Sequoia National Park ~ Hospital Rock Pictures ~ Southwest Native American Indians
Hospital Rock area in Sequoia National Park
A stop worth making!
When one thinks of visiting Sequoia National Park one's thoughts (for most people) probably wander towards thinking of the grandeur of the southern Sierra Nevada mountain range where the magnificent giant sequoias and surrounding forested areas are located. Surely that is one main enticing reason to visit the park! Hospital Rock and the fact of Southwest Native Americans camping there for possibly as long as one thousand years or more might be overlooked by many.
Hospital Rock is located near Foothills Visitor Center Park Headquarters of Sequoia National Park which is near Three Rivers, California.
Three Rivers lies at an elevation of 857 feet ( 261 meters ) above sea level. Entrance at this point is from the west at approximately the mid-point of Sequoia National Park.
Traveling the zig-zagging and meandering roads through Sequoia National Park and the adjacent Kings Canyon National Park to the north be certain that whatever vehicle one is driving is in tip top shape. The gears and brakes of each vehicle will certainly be put through one's paces with the elevation changes!
Bear at Hospital Rock
Wildflowers seen at Hospital Rock
The elevation at Hospital Rock is around 3,000 feet above sea level.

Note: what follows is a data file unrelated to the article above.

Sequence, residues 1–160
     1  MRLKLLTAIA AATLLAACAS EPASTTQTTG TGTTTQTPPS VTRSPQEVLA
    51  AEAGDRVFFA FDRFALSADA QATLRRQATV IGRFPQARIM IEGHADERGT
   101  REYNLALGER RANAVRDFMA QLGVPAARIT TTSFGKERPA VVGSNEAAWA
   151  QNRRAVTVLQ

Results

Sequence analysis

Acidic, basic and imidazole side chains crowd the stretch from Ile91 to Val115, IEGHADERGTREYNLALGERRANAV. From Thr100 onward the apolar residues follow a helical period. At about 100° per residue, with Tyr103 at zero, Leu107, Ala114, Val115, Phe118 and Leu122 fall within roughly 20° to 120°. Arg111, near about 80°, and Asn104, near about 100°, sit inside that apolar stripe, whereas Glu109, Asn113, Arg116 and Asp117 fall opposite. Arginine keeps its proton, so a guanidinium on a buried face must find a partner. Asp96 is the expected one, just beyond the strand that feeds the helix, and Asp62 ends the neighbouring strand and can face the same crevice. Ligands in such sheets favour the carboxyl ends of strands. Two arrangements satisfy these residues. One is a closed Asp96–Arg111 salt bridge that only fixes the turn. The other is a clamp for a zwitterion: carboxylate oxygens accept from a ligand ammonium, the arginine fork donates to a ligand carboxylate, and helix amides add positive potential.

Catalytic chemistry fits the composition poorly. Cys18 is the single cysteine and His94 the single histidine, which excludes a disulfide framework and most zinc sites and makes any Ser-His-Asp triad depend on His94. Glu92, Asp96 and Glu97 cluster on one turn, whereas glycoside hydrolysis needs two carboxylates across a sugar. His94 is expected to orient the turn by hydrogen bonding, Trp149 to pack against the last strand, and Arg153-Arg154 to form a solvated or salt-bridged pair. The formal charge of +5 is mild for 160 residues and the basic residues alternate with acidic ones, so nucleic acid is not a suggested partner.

My traveling companion and I were coming down from much higher elevations when we decided to stop and enjoy a picnic lunch at Hospital Rock. A good parking area and quite a few picnic tables are provided and the setting is not only beautiful, but interesting and historic as well.
Where did Hospital Rock get its name?
Supposedly a bear trapper by the name of James Everton got accidentally shot when working around one of his traps and used that area to recover.
It was an area that Indians had utilized over the centuries prior to the white man making his way west and discovering the pretty setting which provided a source of shelter, food and a nearby water source from the Kaweah River. Mostly utilized in the winter months, the Indians who called this area home would have moved higher up into the mountains where it was cooler in the scorching summertime heat.
Location of Three Rivers, California
Mortar holes in the bedrock made by Indians grinding acorns at Hospital Rock.
Picnic area at Hospital Rock in Sequoia National Park
Stone pestle and mortar holes at Hospital Rock
There was a sign at the location of Hospital Rock showing an Indian woman identified as "Jane Whaley, a Wobonuch (one of the Monache tribes), using a boulder pestle in a bedrock mortar."
Additional information on the sign stated the following: "With a stone pestle weighing five to ten pounds, Indian women pounded and ground whole acorns into meal in these mortar holes. Most western tribes depended on one primary source of food. In this area it was acorns. Before acorn meal can be safely eaten, it must be leached to get rid of poisonous tannin. Hot water was poured over the acorn meal in a leaf-lined sand pit until the meal no longer tasted bitter."